'It didn't feel like Nova Scotia': Man swims 115 km in Shubenacadie canal

Nick Russell says he hopes his adventure from the Halifax Harbour to the Bay of Fundy encourages more people to get out on the canal.

'You've never seen someone swim so quick...When we saw this unidentified fin'

Nick Russell swam 115 km from Halifax Harbour to the Bay of Fundy last week. (Chris Surette/A For Adventure)

Nick Russell is taking a well-deserved rest this weekend after completing a week-long, 115-kilometre swim along Nova Scotia's Shubenacadie canal on Friday.

Over eight days, Russell swam from the Halifax Harbour to the Bay of Fundy, averaging between 15 and 20 kilometres a day.

"The week flew by. There were times when I thought, 'Holy moly, what's going on here.' But once you're kind of towards the end you just think, 'Wow I can't believe that was a week,'" Russell said on Saturday afternoon.

"It was really exciting just that unknown each day."

Chris Surette, who travelled alongside Russell in a canoe for most of the journey, said it was an amazing feat to witness.

"It was something no one had ever done before," Surette said. "When he finally got out of the water, we were all pretty proud."

New interest in 19th-century canal

The Shubenacadie canal opened in the 1850s as a way to transport goods across Nova Scotia, but closed after only 14 years. (Chris Surette/A For Adventure)

The Shubenacadie canal opened in the 1850s as a way to transport goods across Nova Scotia. But after only 14 years it closed, due to financial reasons and a new railway.

Recently, canoeists, kayakers and swimmers have been bringing life back to the canal — and a project was started to restore locks and other features.

Nick Russell said he was blown away by the beautiful, differing landscapes along the canal. (Chris Surette/A For Adventure)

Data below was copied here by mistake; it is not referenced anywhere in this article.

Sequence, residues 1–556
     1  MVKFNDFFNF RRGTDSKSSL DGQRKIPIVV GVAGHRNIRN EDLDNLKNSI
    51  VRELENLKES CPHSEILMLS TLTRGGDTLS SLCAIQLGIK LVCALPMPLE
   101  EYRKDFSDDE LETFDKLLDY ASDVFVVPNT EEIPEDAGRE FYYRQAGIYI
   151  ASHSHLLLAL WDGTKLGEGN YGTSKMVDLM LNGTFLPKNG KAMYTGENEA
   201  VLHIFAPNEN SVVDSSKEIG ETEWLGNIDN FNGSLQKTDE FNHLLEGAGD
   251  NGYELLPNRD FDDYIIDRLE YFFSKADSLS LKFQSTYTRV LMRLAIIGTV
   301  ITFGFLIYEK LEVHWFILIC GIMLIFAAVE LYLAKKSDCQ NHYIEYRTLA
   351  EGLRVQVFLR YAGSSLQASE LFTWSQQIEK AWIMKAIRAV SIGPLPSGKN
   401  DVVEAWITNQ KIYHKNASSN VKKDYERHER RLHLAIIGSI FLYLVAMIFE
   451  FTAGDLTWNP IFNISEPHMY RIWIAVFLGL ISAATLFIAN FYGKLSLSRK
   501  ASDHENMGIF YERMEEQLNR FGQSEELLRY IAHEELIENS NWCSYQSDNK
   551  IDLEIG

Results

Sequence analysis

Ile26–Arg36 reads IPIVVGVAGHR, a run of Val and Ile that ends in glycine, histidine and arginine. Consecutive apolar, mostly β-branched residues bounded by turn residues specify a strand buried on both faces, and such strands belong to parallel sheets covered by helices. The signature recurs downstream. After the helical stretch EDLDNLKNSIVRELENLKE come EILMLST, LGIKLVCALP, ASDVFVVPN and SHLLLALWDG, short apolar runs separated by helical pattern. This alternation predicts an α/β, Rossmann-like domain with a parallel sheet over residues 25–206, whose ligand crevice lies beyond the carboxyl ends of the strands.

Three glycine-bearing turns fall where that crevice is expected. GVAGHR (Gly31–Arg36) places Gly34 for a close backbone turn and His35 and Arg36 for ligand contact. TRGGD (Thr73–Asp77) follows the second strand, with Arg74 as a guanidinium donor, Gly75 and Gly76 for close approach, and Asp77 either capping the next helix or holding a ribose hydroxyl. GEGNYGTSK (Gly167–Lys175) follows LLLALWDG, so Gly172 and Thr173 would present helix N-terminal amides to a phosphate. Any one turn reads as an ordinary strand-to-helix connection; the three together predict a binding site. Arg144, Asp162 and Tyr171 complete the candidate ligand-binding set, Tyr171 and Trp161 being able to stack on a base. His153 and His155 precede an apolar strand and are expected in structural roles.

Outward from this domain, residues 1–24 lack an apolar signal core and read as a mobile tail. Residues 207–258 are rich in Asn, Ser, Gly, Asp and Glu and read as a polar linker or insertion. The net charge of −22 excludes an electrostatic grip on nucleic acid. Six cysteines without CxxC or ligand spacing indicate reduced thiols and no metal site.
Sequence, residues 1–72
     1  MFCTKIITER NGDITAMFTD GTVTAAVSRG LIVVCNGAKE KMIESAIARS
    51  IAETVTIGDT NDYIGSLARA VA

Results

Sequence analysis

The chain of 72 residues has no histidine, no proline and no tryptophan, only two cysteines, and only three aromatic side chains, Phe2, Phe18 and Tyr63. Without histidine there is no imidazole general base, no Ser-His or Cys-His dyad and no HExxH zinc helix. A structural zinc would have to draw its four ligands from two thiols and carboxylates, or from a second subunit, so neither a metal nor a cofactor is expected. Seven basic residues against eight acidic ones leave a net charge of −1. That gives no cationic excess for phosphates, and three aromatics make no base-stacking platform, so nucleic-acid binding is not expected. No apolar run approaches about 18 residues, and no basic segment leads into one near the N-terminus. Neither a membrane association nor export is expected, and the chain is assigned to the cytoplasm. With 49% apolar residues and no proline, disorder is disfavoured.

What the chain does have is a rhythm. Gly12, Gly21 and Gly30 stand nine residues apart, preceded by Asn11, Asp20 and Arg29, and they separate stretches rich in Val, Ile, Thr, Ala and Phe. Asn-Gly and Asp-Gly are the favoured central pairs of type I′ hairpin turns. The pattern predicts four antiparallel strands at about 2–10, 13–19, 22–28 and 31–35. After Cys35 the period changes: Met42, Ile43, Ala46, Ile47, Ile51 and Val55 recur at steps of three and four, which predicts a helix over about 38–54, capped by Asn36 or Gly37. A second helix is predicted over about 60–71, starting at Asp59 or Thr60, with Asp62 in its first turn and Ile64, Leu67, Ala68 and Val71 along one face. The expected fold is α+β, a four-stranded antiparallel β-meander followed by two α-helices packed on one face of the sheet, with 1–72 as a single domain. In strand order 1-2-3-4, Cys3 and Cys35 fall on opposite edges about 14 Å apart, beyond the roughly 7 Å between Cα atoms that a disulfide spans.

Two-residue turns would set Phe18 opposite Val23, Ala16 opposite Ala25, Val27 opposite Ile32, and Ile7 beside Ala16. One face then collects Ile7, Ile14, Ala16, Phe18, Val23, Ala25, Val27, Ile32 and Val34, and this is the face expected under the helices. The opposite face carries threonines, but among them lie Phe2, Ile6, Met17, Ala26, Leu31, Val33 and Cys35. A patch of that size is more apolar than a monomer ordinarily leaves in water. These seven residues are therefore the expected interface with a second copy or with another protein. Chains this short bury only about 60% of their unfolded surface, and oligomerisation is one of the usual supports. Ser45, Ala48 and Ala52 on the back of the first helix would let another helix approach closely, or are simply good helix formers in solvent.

Russell said he was blown away by the differing landscapes, both above and below the water, along his route.

One of his highlights, he said, was swimming near East Milford.

"There were these rolling, grassy mountains, with a backdrop of gypsum cliffs, and every corner we went around there was an eagle on the point, there was striped bass on the water, and it was extremely clear. It was just like swimming in an aquarium," he said.

"It didn't feel like Nova Scotia."

Challenging winds, tides and water levels

Nick Russell poses by the seventh lock in the Shubenacadie canal. (Chris Surette/A For Adventure)

But the swim wasn't without challenges, which included low water levels, strong winds and intense tides.

On Thursday morning, Surette, Russell's girlfriend Maureen O'Neill and Russell were approaching the heavy tidal waters around Shubenacadie.

"We weren't 100 per cent sure when it would be full tide and when was the right time to get in the water...The second I got in, I got a face full of water," Russell said.

"But we went up a little bit further and sure enough, it turned in about five minutes ... I don't even know how to describe the sheer power of that tide. It was really impressive."

Fin sighting

The group saw lots of wildlife, like a seal in Grand Lake, dozens of eagles and sea birds, and plenty of fish. Russell said he was wary of running into the 300-kilogram great white shark, Pumpkin, which has been swimming in the Minas Basin this summer.

Russell was concentrating on swimming when he heard Surette and O'Neill yelling from the canoe: "Fin! Fin!"

"I put my head out of the water and there was a fin going up and down, up and down," he said, noting it was about six metres away. "You've never seen someone swim so quick in their life to get out of the water...When we saw this unidentified fin."

Maureen O'Neill, pictured here, and Chris Surette spotted the unidentified fin from the canoe. (Chris Surette/A For Adventure)

But once on shore, they noticed the fin was rounded.

"It turned out to be a porpoise. It was feeding," Russell said, adding with a laugh, "No sign of Pumpkin at all, thankfully Pumpkin was busy."

When he finally came around the bend towards Maitland on Friday as he finished his swim, Russell said there was a small party of family and friends waiting to cheer him on to the finish.

"Even someone brought a bottle of champagne which was nice, so we popped that on the beach," he said.

Nick Russell swims along the Shubenacadie Canal. He averaged between 15 kilometres and 20 kilometres a day on his week-long journey. (Chris Surette/A For Adventure)

Russell said he started this journey because he was looking for a challenge, but now he hopes people will follow his example and take to the canal on canoes, kayaks, paddle boards or even just to swim.

"We didn't see many people on the water, which is too bad, because it's beautiful and right in our backyard. It's a great way to see this part of the province," he said.

"Get out there and do it. It's certainly achieveable."